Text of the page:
The actual verification may occur locally or remotely dependent on how event and action sequencing system 210 is integrated with the IoT system. If event and action sequencing system 210 is integrated as part of the IoT system, then accesses to sensor and actuator devices may already be established and execution unit 216 may need to reference an identifier or some URI to access that device. In remote cases, however, execution unit 216 may need the assistance of output interface 212 to set up messaging interactions with the devices. This may be in the form of subscription/notification mechanisms, use of protocol mechanisms (e.g. CoAP Observe), using polling methods, or some API calls that are exposed by the IoT system. In those cases, authorization or access control policies may also play a role in event and action sequencing system 210 getting access to the IoT devices. These issues are out of scope of the event and action sequencing system 210 and some mechanism should be provided by the IoT system for such accesses to enable the operation of event and action sequencing system 210. FIG. 5 shows an example procedure of the integration of resource manager 214 with execution unit 216 to process a create request of an EventState resource. Note that other components of event and action sequencing system 210 are not shown to minimize clutter in the diagram. It should also be noted that an application may create the resource and multiple resources may be created for one EASP. Resources may be created first in order to direct the EASP on how to operate. The resources disclosed herein are examples of how applications can program the EASP. Other examples may involve less resources, such as two resources.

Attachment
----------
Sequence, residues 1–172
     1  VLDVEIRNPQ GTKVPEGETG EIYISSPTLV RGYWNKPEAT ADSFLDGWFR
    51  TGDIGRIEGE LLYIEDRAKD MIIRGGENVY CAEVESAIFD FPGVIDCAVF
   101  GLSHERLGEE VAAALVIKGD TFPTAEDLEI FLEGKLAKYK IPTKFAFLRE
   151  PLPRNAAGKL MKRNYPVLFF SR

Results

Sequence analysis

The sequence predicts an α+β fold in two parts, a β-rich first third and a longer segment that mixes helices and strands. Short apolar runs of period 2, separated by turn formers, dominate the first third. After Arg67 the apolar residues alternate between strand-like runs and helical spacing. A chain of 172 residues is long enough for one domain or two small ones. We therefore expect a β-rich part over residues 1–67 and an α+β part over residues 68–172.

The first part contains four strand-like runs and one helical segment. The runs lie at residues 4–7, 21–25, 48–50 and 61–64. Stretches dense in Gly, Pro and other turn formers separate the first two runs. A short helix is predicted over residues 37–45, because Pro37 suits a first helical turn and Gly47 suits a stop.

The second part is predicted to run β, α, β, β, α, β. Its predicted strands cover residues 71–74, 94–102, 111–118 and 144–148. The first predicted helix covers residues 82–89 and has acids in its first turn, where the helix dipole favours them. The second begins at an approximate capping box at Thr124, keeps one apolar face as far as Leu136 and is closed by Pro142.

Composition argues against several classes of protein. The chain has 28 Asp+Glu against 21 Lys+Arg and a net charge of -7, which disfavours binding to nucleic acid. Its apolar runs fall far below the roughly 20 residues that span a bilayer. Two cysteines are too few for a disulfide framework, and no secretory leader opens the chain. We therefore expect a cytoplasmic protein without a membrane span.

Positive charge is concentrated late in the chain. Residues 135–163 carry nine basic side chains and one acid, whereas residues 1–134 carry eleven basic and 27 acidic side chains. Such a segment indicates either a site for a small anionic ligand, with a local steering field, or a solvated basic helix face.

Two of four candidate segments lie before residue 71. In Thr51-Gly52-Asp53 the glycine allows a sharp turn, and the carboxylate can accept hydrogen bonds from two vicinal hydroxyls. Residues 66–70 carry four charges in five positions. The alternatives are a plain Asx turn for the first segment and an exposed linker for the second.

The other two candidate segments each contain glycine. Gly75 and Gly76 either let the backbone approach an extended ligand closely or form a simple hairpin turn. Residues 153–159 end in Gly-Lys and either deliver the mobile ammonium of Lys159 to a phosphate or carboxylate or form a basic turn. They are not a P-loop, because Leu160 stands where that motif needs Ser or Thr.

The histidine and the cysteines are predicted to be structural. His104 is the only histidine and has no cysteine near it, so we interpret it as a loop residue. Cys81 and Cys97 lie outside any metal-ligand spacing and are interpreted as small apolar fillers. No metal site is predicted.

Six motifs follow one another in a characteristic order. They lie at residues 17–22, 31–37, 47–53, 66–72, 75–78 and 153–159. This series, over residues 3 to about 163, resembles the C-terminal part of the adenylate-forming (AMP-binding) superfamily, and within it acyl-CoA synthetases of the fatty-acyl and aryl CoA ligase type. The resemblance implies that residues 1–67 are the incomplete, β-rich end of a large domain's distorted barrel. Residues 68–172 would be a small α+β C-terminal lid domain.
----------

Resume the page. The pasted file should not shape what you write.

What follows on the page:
FIG. 5 illustrates an exemplary Execution Unit Access Verification to IoT System Procedure. At step 251, IoT requestor 241 sends a request to create an EventState resource 218. This procedure may also apply to the creation of an EASP resource 217 or Transition resource 219. When creating EASP resource 217, the parameters specified may include the EASP ID, a description of the EASP, how the EASP is controlled, and any preconditions or exit conditions for the EASP. Table 1 lists other parameters that may be specified as well. When creating an EventState resource 218, parameters such as EventState ID, Time Duration, and Transition Events may be specified. Other EventState parameters are found in Table 2. With regards to Transition resource 219, it may include transition events, next EventState ID, and execute actions parameters, or the like, as described in Table 3. At step 252, resource manager 214 processes the requests and performs any necessary validations that are required by event and action sequencing system 210. At step 253, if validation is successful, resource manager 214 may forward the EventState information to execution unit 216 to verify access may be made to the IoT devices 242.